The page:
From that time to the present day ships start, some direct from Cana, and some from the Cape of Spices; and those bound for Damirica throw the shlp's head considerably off the wind; while those bound for Barygaza and Scythia keep along shore not more than three days and for the rest of the time hold the same course straight out to sea from that region, with a favorable wind, quite away from the land, and so sail outside past the aforesaid gulfs. (The Periplus of the Erythraean Sea, 57)
The life of Saint Brendan of Clonfert (484-577) is recorded in the medieval text The Voyage of Saint Brendan. It describes the Irish religious leader taking monks on a journey across the sea to a promised land where the monks could live and pray in peace. Here is a passage describing Brendan’s arrival at this mythical place:
He then said to St Brendan: ‘This is the land you have sought after for so long a time; but you could not hitherto find it, because Christ our Lord wished, first to display to you His divers mysteries in this immense ocean. Return now to the land of your birth, bearing with you as much of those fruits and of those precious stones, as your boat can carry; for the days of your earthly pilgrimage must draw to a close, when you may rest in peace among your saintly brethren. After many years this land will be made manifest to those who come after you, when days of tribulation may come upon ‘the people of Christ. The great river you see here divides this land into two parts; and just as it appears now, teeming with ripe fruits, so does it ever remain, without any blight or shadow whatever, for light unfailing shines thereon.’ When St Brendan inquired whether this land ‘would. be revealed unto men, the young man replied: ‘When the Most High Creator will have brought all nations under subjection, then will this land be made known to all His elect.’ Soon after, St Brendan, having received the blessing of this man, prepared for his return to his own country (28).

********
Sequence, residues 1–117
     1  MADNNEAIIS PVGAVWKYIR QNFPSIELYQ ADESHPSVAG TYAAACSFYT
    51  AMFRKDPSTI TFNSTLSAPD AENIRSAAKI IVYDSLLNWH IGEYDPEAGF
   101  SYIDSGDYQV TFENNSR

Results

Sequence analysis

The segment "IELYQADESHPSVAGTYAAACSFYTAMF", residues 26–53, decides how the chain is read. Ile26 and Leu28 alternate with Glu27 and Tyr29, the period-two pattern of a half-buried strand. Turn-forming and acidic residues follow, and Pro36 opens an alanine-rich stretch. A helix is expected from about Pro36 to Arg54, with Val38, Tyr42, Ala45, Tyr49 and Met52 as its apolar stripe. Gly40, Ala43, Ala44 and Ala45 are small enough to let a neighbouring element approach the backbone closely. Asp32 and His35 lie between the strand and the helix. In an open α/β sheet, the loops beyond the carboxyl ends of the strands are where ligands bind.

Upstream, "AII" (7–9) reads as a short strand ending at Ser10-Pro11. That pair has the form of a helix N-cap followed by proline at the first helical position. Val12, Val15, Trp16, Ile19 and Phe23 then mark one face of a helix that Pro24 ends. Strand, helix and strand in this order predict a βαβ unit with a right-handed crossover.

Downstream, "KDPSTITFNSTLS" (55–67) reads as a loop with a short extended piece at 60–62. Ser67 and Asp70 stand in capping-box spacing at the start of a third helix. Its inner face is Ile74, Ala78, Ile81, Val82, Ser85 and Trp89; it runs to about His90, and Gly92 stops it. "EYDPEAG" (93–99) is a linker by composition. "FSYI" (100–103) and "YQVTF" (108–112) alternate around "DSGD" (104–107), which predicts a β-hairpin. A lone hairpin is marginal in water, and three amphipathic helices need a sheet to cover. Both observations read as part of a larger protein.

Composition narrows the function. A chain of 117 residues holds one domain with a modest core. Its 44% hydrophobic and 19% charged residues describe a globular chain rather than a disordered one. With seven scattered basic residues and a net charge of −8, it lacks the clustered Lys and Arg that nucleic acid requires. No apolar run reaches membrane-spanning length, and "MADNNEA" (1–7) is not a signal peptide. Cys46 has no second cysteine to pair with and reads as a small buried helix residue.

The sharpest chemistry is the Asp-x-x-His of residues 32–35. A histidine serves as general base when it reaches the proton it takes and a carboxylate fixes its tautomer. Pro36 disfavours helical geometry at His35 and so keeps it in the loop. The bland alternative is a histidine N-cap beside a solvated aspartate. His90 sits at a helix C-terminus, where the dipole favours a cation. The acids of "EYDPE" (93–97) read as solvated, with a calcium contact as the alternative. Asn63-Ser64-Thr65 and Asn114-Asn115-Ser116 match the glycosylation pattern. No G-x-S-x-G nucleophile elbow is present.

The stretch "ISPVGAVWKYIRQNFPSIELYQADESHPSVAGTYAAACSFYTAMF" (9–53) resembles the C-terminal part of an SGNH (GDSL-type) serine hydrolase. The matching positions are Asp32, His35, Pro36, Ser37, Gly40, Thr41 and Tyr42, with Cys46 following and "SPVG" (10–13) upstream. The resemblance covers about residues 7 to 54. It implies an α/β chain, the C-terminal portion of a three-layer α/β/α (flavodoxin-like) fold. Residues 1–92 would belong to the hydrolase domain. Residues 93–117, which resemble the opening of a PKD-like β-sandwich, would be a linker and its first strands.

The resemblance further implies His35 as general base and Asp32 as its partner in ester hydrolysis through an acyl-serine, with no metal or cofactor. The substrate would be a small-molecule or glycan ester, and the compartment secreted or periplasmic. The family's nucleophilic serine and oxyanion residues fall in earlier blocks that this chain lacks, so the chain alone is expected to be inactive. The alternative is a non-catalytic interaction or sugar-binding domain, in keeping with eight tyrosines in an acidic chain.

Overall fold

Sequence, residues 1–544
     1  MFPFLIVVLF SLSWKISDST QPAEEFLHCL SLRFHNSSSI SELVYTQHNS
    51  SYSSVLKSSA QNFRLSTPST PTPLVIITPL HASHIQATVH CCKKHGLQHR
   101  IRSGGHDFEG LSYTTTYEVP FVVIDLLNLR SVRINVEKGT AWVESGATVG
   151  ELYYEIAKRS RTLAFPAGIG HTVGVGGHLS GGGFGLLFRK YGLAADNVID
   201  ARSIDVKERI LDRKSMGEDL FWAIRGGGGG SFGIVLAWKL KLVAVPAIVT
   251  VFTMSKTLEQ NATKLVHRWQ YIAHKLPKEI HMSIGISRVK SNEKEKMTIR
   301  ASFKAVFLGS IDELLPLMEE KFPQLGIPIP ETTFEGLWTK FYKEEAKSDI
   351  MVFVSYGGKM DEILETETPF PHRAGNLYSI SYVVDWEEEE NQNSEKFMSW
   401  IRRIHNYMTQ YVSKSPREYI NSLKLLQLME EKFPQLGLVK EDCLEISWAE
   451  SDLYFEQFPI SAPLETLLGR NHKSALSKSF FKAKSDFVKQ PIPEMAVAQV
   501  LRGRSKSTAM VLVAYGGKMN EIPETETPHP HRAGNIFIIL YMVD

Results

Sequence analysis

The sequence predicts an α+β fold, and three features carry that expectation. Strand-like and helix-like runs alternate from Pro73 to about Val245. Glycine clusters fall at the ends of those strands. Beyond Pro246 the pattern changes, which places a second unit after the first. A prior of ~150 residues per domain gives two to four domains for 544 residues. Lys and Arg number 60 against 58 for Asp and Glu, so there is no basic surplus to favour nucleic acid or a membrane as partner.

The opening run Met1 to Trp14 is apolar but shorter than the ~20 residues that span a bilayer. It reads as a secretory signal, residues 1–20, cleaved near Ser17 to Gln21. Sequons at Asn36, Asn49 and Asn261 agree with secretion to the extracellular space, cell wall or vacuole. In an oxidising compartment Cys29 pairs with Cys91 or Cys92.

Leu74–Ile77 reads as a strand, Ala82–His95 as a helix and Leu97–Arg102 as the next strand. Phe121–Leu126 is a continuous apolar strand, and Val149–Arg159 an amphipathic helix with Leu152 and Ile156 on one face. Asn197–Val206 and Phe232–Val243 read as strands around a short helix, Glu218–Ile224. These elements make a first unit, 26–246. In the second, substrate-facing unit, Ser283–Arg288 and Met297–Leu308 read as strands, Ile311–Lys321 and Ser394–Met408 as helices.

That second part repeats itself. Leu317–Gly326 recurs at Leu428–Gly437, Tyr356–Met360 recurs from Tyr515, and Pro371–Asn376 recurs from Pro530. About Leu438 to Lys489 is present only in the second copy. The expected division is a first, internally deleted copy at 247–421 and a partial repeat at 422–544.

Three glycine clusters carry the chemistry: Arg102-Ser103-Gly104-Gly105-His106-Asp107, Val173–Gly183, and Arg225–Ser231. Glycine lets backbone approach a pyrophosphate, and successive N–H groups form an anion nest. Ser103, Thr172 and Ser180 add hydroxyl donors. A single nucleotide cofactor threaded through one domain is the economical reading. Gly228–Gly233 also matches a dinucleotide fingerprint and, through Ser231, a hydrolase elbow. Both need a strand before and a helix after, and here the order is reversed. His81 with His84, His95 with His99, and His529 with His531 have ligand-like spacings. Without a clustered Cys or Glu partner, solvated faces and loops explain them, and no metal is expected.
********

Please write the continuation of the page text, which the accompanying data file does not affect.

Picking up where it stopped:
This is an allegorical rather than historical text, but it does represent the extraordinary exploratory journeys of early Christian Ireland. By the 7th Century, Irish monks had discovered and settled the Faroe Islands, and by the 8th Century, Iceland. These explorations can be confirmed by archaeological findings as well as Latin and Old Norse documents. A journey that is more speculative and daring is Greenland -- an incident that would establish the Irish as the first Europeans to arrive in North America. The sole extant evidence for this journey consists of iron bells and crosses of Irish design found in Greenland. Ahmad ibn Fadlan was a 10th Century Arab nobleman who the Caliph in Baghdad designated his ambassador to the Volga Bulgars, a tribal nation living in what is now the area of Kazan, Russia. At the time, Swedish Vikings had regular commerce through the rivers of European Russia, dragging their ships from the Baltic Sea to the Volga and Dnieper Rivers and into the Caspian and Black Seas. So Fadlan arranged for passage on a Swedish ship to the Bulgars. But when they arrived, the Swedes refused to allow him to leave, so Fadlan continued on with them, ultimately touring the Baltic Sea before returning to Baghdad. His story was adapted into the Michael Chrichton novel Eaters of the Dead, which was in turn adapted into the Antonio Banderas film The 13th Warrior. Fadlan’s frank and detailed anthropological text about his journeys is a good read, and I highly recommend it -- especially his long description of Viking sexual practices, which is absolutely hilarious. But as this is a family-friendly blog, I offer instead a passage from after Fadlan witnessed a funeral: